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Photo:  New roof frame (not yet covered)

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Photo : Detail of roof frame spars, triangular plywood strengtheners, beam, and side boards, Wheel castors are just visible. 

Photo (right) : Test fitting of the new roof.  New run-off beams and support posts can be seen on the righthand side of the photo, whilst the previous roof and support posts are visible on left hand side of photo

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Clair Observatory (2004-2008)

The Clair observatory has been built using the same shed and pier that were used for my two previous observatories (Kingcup Observatory 2001-2003 and Hilltop Observatory 1998-2000). The observatory was designed to be capable of moving, the only thing that doesn't move is the concrete pier base. !

Photo :  Clair Observatory (roof open)

The observatory was refitted with a new sliding roof in 2009.

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My 8" LX200 telescope is mounted on a permanent 7" diameter metal pier, bolted to a concrete base.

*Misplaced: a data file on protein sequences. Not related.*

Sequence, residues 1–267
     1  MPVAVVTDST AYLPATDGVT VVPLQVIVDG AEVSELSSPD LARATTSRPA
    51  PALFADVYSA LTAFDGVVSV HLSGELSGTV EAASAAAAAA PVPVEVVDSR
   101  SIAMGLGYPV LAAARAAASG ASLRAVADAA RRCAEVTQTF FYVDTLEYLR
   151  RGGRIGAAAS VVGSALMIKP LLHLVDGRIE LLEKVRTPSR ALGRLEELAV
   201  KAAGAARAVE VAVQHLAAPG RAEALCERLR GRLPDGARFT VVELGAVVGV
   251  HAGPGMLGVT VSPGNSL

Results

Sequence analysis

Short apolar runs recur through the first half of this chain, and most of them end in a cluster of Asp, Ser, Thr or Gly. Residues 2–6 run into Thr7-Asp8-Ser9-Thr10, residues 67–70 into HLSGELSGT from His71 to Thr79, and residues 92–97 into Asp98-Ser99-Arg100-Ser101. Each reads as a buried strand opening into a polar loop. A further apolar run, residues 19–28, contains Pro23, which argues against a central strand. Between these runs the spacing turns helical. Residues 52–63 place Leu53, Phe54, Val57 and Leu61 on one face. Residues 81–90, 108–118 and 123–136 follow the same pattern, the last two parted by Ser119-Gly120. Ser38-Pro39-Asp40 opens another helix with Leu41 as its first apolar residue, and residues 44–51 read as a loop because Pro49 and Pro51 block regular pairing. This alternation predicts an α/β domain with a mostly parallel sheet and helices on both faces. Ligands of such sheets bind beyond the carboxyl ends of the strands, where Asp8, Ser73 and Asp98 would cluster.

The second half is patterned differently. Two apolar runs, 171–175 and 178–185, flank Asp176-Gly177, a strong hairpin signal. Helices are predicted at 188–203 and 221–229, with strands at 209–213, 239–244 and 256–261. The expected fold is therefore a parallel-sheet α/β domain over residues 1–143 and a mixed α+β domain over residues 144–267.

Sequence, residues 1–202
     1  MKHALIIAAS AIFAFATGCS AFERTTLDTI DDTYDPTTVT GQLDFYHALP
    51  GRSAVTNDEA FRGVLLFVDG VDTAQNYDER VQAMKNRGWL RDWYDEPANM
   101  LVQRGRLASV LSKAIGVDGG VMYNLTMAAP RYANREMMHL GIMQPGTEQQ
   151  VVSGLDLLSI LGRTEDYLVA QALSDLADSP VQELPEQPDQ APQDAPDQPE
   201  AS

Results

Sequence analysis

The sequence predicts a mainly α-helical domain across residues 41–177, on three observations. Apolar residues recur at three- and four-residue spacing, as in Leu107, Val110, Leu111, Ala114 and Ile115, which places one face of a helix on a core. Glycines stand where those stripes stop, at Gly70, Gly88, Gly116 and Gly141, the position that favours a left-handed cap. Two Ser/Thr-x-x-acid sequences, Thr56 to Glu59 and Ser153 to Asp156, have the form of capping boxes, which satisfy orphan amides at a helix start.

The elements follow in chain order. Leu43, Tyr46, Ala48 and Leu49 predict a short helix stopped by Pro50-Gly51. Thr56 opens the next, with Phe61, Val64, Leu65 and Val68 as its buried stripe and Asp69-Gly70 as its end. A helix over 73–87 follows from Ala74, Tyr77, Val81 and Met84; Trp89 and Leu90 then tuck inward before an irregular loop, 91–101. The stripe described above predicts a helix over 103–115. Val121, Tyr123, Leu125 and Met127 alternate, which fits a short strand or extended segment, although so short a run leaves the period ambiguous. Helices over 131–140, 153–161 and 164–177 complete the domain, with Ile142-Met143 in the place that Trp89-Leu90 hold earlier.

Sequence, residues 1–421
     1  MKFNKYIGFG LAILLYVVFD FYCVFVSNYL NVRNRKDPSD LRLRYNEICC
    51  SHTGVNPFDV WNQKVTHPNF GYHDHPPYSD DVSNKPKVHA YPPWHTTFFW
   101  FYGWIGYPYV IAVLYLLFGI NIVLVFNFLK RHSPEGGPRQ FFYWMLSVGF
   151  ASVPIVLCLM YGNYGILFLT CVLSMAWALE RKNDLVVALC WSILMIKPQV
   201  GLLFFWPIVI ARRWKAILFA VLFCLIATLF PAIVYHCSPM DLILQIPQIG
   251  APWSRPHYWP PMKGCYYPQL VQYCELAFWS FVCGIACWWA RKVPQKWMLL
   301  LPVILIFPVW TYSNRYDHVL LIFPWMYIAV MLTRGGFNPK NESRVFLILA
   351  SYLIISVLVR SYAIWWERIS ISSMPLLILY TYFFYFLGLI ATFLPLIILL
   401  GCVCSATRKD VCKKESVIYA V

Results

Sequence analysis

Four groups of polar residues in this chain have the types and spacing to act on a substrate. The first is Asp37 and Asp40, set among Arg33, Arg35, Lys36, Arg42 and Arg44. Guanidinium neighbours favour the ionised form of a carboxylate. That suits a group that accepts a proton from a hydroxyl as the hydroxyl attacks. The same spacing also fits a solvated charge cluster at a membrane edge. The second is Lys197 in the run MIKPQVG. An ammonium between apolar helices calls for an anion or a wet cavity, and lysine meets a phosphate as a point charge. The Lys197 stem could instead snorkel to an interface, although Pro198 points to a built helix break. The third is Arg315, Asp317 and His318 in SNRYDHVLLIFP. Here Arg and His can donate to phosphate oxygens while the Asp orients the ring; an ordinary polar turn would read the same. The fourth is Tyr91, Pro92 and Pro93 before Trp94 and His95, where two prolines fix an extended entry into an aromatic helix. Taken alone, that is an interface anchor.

Photo : Observatory Interior with 8" LX200 Telescope /  ST-7 CCD Camera and equipment (larger view)
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The observatory takes only around 5-10 minutes to open and get the telescope setup up ready for observing. Closing the observatory takes no more than 5 minutes. The observatory has ample room for storing the LX200's case/tripod if necessary  and has sufficient room to take 1 visitor.

Both of these times are a significant improvement on the original time it took to setup (30 mins) / setdown (15 mins) in the days before I built the observatory (pre 1998), when I had to carry the tripod & wedge outdoors, carry the telescope outdoors, set in on the wedge, carry the accessories outdoors, align & level tripod, align telescope etc.

Photo :  Moon above Clair Observatory  (2005-01-25)

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The roll-off roof was originally constructed with sets of wheels along each side of the roof. These ran along rails mounted on the top of each sidewall of the observatory and allowed the roof to be rolled-off/on.   Whilst the design originally worked well, there were increasing problems with it during 2004-2005, whereby some wheels would occasionally loosen and twist, causing the roof to jam when shutting (not the most desirable event when you're tired and cold).  

In June 2005 remedial work was carried out to relocate the wheels into positions on the top of each sidewall, thus allowing the roof to easily roll off/on, using the sides of the roof as rails.

Photo :  New Wheel/Rail Design (Jun 2005)

Photo (below) : 8" LX200 in Clair observatory (Front & Side Views)

 
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Clair Observatory Construction (2004)

The Clair observatory used the same sliding roof shed and telescope pier used for Hilltop Observatory (please refer to Design and Construction of Hilltop Observatory)

2004-02-05 : First Light